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The Ultimatum Plan

The First World War was an unprecedented catastrophe that shaped our modern world. Erik Sass is covering the events of the war exactly 100 years after they happened. This is the 128th installment in the series.

July 7-9, 1914: The Ultimatum Plan

After receiving promises of German support for their planned war against Serbia, on July 7, 1914 Emperor Franz Josef left for his summer retreat at Bad Ischl while his council of ministers met again in Vienna to consider their options. But first there was one more person who had to be persuaded: the Hungarian Premier Count István Tisza (left).

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As the political leader of the Hungarian half of the Dual Monarchy, the approval of this elder statesman was indispensable, and it was by no means certain they would get it: The conservative Magyar aristocrats who ran Hungary felt their kingdom already included too many restive Slavs, and as their representative Tisza was bound to oppose any plan that involved annexing Serbian territory. This presented a conundrum, as the Austrians intended to eliminate Serbia as an independent state. So where, exactly, would it go?

Foreign Minister Berchtold (center) hit on a clever solution, promising Tisza that Austria-Hungary would not take any territory for itself; instead, most of Serbia’s lands would be turned over to its neighbors, Bulgaria and Albania, and a puppet government installed for whatever was left (top). This promise may have been disingenuous—after expending blood and treasure, Vienna was unlikely to give up its gains so easily—but it placated the Hungarian premier, who could now reassure his constituents the Empire wasn’t going to absorb any more Slavs.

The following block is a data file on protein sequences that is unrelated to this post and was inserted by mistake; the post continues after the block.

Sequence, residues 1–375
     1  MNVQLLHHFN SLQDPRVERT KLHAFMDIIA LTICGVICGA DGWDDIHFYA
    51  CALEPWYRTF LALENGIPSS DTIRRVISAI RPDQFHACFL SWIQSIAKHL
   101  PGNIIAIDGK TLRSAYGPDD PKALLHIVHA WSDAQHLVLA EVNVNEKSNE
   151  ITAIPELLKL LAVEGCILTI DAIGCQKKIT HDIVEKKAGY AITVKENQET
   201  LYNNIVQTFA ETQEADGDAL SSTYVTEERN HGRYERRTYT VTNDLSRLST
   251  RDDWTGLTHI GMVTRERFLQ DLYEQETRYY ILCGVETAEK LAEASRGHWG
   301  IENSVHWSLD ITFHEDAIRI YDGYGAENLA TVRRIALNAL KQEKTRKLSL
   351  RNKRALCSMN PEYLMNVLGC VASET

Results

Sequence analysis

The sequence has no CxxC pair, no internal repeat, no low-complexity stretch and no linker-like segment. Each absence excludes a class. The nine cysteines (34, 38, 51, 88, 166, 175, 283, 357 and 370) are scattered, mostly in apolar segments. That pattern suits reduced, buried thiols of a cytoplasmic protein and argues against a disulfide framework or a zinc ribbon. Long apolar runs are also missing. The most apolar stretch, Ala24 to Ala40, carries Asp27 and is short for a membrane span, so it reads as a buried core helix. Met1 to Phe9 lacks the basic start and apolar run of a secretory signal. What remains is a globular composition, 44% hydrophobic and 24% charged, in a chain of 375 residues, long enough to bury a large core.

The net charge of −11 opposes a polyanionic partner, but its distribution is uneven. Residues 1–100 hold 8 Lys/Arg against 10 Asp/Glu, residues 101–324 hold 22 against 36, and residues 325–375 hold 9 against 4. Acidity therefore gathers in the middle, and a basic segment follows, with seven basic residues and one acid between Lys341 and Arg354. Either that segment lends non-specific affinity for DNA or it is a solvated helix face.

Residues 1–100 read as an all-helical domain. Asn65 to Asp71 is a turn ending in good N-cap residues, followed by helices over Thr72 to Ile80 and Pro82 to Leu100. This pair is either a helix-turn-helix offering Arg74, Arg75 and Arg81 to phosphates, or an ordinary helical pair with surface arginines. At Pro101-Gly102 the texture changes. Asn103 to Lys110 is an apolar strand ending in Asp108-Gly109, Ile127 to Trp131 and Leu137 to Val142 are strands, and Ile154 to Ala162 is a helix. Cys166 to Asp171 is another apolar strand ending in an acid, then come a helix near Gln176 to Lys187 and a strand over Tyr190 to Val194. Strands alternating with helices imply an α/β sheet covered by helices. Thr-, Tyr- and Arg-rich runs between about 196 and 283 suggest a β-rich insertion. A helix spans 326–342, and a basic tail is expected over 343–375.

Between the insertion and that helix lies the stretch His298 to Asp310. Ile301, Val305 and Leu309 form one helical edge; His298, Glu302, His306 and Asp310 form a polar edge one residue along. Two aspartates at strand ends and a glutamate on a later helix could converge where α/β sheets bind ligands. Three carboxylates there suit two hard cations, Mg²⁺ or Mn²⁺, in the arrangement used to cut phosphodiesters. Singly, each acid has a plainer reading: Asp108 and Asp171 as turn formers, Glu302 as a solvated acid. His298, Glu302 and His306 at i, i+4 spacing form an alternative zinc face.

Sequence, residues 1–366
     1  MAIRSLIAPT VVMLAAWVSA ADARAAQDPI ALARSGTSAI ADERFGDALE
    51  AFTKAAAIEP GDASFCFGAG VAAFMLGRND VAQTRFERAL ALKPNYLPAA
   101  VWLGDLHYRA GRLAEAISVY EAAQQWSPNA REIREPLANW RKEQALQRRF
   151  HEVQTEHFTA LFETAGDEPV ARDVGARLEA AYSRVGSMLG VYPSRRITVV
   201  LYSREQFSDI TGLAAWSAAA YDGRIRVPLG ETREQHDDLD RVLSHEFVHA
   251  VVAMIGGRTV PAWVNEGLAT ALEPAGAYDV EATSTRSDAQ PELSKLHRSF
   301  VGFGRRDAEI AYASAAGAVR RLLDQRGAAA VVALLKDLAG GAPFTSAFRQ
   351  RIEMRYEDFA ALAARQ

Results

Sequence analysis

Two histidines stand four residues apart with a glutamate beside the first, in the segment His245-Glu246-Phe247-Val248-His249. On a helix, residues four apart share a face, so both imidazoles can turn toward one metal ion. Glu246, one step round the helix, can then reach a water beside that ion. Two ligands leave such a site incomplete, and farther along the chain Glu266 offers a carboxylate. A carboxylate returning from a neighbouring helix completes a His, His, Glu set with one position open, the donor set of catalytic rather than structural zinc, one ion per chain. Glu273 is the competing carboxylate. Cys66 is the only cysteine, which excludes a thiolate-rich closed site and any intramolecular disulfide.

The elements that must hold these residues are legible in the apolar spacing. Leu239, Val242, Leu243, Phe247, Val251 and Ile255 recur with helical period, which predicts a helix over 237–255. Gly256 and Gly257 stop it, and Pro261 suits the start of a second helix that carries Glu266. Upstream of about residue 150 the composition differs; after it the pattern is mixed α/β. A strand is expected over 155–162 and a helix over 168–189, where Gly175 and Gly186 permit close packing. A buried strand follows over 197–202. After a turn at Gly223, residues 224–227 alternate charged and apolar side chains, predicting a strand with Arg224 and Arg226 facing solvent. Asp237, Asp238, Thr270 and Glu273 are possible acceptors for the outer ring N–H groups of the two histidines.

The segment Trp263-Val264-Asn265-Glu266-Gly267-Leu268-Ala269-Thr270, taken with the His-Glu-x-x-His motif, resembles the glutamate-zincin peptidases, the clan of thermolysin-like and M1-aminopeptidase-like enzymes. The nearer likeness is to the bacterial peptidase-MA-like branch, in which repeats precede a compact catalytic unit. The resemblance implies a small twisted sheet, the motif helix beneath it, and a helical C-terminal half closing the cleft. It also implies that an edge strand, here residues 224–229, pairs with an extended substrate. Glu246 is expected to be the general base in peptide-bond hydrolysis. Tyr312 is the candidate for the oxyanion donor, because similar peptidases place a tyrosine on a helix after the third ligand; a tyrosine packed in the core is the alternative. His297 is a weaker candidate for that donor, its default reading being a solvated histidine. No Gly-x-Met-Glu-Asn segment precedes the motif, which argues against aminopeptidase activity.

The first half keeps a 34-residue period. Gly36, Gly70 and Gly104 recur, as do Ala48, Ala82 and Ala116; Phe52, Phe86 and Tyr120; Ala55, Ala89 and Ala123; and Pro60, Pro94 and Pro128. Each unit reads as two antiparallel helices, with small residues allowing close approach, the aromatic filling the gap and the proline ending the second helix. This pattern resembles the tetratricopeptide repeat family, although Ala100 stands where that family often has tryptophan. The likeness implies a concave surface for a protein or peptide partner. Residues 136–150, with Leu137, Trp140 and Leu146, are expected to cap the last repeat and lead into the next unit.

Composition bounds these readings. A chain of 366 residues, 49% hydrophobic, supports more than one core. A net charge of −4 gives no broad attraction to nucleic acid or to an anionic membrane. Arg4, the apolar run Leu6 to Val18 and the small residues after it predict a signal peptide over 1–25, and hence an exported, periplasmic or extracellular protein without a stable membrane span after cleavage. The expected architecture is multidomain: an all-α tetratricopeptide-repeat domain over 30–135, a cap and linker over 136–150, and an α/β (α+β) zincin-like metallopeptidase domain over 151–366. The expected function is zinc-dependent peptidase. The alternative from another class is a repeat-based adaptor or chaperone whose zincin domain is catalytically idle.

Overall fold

To accommodate Tisza, Berchtold also gave up his idea of a surprise attack on Serbia, which the Hungarian premier warned would provoke Russia, and agreed to Tisza’s demand that they instead use diplomacy to engineer a plausible pretext for war. Tisza explained his conditions in a letter to Emperor Franz Josef on July 8:

Any such attack on Serbia would, as far as can humanly be foreseen, bring upon the scene the intervention of Russia and with it a world war … Hence in my opinion Serbia should be given the opportunity to avoid war by means of a severe diplomatic defeat, and if war were to result after all, it must be demonstrated before the eyes of all the world that we stand on a basis of legitimate self-defense…

This was the origin of the ultimatum plan, a tricky stratagem intended to make it look like Austria-Hungary sought a peaceful resolution before resorting to force. Basically, Berchtold proposed sending Belgrade an ultimatum with conditions so outrageous the Serbs could never accept them, giving Austria-Hungary the excuse it needed for war. Above all, Berchtold and chief of the general staff Conrad (right) agreed, Austria-Hungary had to avoid being forced into a negotiated solution by the other Great Powers, as it had at the Conference of London. This time, they were going to deal with Serbia once and for all.